They may have figured there was no point in doing so or they may have simply had more important tasks to perform. Given they could see the situation, as you mentioned, it's a fair chance they were familiar with the offender.
    Last edited by Kevin Bonham; 28-05-2017 at 09:26 PM.

  7. #7
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    Quote Originally Posted by Kevin Bonham View Post
    Do you expect police to also charge everyone who they see jaywalking, for example? Even when there is no car in sight?

    (By the way that case with the car was not typical of Tassie police at the time. Pleased to report they were a great help to me when I was attacked by a stranger who later became a kind of pet stalker.)



    Fines for public urination can be much higher than you might expect. I just did a search for "fines for public urination" and the first hit I got was a guy in Melbourne who was fined $489 in 2012, the equivalent of at least 163 litres of goon. That's ignoring any other costs incurred in the process.



    They may have figured there was no point in doing so or they may have simply had more important tasks to perform. Given they could see the situation, as you mentioned, it's a fair chance they were familiar with the offender.
    1) I expect police to charge all of the offenders irrespective of the background. If his actions are illegal (and I believe they are) why should he be spared?
    2) Are you suggesting that if the fine is ''too much money'' it should not be issued? but for others, who can afford to pay, it should?
    3) If we assume they are familiar with the offender, shouldn't they be more motivated to make him behave.

    And my initial question was: ''would they respond in the same way if he was not Indigenous or not?''
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  8. #8
    Monster of the deep Kevin Bonham's Avatar
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    Quote Originally Posted by MichaelBaron View Post
    1) I expect police to charge all of the offenders irrespective of the background. If his actions are illegal (and I believe they are) why should he be spared?
    Because it may not be in the public interest to charge him. There are frequently cases where police use their discretion to not pursue charges or fines although they could in theory be pursued. Cautioning people for trivial breaches is common.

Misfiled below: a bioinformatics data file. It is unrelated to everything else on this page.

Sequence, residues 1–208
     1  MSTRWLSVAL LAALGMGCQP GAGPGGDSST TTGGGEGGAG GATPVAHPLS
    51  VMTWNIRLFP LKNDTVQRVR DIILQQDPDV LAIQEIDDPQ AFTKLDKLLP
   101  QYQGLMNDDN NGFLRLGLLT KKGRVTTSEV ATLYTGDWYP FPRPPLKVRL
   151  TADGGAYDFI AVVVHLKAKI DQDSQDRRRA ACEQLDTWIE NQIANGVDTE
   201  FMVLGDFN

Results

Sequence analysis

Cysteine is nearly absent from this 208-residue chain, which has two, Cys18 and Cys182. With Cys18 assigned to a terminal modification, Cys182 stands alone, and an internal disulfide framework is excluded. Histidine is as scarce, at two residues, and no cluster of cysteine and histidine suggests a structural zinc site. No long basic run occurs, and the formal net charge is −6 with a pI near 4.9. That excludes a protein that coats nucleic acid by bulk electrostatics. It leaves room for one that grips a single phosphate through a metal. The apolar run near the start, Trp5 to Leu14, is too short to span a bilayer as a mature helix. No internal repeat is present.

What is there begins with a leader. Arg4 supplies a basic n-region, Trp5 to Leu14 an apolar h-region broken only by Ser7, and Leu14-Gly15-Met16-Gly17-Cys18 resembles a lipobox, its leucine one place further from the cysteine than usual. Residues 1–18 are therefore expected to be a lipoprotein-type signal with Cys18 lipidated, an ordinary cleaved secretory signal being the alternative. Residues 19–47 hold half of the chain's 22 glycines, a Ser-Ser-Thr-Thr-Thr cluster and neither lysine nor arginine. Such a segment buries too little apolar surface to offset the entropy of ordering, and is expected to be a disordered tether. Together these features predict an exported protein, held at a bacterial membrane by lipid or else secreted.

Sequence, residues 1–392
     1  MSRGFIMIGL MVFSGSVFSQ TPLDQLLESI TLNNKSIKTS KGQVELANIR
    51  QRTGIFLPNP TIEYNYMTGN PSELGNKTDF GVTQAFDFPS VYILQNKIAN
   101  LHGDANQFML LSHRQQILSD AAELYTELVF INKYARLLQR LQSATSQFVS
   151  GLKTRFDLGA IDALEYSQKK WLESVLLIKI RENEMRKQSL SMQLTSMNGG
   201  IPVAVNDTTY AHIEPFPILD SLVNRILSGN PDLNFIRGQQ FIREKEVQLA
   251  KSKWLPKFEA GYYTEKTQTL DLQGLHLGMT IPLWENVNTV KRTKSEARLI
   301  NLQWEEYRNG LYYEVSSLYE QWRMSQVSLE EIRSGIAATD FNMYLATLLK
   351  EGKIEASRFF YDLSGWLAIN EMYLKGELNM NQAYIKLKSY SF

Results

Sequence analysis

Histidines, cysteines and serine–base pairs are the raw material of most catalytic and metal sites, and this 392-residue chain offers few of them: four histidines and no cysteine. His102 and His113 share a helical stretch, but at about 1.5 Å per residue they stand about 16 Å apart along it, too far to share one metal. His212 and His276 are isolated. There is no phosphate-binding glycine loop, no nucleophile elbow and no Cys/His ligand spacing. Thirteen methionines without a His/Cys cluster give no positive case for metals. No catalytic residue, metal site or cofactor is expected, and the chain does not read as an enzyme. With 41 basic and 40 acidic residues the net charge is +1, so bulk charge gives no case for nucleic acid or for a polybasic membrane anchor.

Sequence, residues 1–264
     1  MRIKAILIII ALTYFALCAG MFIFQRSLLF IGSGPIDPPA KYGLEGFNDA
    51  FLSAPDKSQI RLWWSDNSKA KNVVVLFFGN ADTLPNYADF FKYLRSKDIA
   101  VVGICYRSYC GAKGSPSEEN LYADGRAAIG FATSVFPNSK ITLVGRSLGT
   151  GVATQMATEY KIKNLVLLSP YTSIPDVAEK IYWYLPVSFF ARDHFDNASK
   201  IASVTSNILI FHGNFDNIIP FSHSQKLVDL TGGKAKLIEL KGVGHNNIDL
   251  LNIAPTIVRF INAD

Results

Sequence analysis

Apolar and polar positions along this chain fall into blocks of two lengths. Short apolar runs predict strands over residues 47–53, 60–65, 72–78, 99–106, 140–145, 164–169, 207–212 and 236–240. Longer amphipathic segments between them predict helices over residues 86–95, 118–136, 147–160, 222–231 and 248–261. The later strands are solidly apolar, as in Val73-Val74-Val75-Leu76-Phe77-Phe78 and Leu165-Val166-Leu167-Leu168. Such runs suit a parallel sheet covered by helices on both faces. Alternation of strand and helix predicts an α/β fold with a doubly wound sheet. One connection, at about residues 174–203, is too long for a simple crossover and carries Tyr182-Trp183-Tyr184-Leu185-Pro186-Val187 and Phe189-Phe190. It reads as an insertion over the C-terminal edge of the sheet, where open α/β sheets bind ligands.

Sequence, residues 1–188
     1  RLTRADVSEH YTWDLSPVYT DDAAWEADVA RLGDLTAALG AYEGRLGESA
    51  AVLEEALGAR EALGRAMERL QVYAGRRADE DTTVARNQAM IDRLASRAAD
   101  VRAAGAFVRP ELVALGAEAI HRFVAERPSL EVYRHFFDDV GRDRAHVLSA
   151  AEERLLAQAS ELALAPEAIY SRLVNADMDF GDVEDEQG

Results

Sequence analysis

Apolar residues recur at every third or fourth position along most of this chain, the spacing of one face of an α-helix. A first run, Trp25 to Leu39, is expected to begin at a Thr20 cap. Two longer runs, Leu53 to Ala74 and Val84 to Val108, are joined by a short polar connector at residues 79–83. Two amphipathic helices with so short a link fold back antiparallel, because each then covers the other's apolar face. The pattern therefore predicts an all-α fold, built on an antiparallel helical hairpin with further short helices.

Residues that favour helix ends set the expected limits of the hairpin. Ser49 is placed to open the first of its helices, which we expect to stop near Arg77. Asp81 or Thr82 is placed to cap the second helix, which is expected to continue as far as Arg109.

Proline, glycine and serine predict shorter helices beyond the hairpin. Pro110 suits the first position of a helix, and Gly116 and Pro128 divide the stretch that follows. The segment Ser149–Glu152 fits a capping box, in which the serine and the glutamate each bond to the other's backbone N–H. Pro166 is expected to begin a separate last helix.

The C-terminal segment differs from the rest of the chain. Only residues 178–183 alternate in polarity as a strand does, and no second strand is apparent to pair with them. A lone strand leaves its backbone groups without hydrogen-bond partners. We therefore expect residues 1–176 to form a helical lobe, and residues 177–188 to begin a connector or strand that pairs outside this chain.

2) Are you suggesting that if the fine is ''too much money'' it should not be issued? but for others, who can afford to pay, it should?
    In terms of deterrence, I suspect sliding-scale penalties that took the victim's financial situation into effect would actually be more effective. Flat fines mean that the same penalty is trivial and has no deterrent effect for a person who is rich but very serious for a person who is struggling. However, administering a sliding-scale scheme would be extremely difficult, so I'm not suggesting that. But I am suggesting that laying charges in some cases is pointless. If the offender is unable to pay what do you do then? Put them in jail at more taxpayer expense for urinating in public? What does this achieve for anyone?

    And my initial question was: ''would they respond in the same way if he was not Indigenous or not?''
    Who knows? We don't have anywhere near enough detail of your story to say whether there was any racial motive whatsoever. I have given an example involving police failing to pursue a white offender and there are abundant examples of bad cops who have singled out black offenders. If the odd person from one of the most comparatively disadvantaged and over-imprisoned peoples in the world gets let off then I for one could not care less. I'd rather save my concern for something that matters, like people who assault others or steal from them.

  9. #9
    CC Grandmaster Capablanca-Fan's Avatar
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    Quote Originally Posted by Kevin Bonham View Post
    Because it may not be in the public interest to charge him. There are frequently cases where police use their discretion to not pursue charges or fines although they could in theory be pursued.
    But a decade ago, a judge didn't jail a group of aboriginal men who gang-raped an aboriginal 10yo girl. I fail to see how this is in the best interest of that poor girl. And that's a problem with lenience to aboriginal criminals—it abandons their victims who are often aboriginal as well.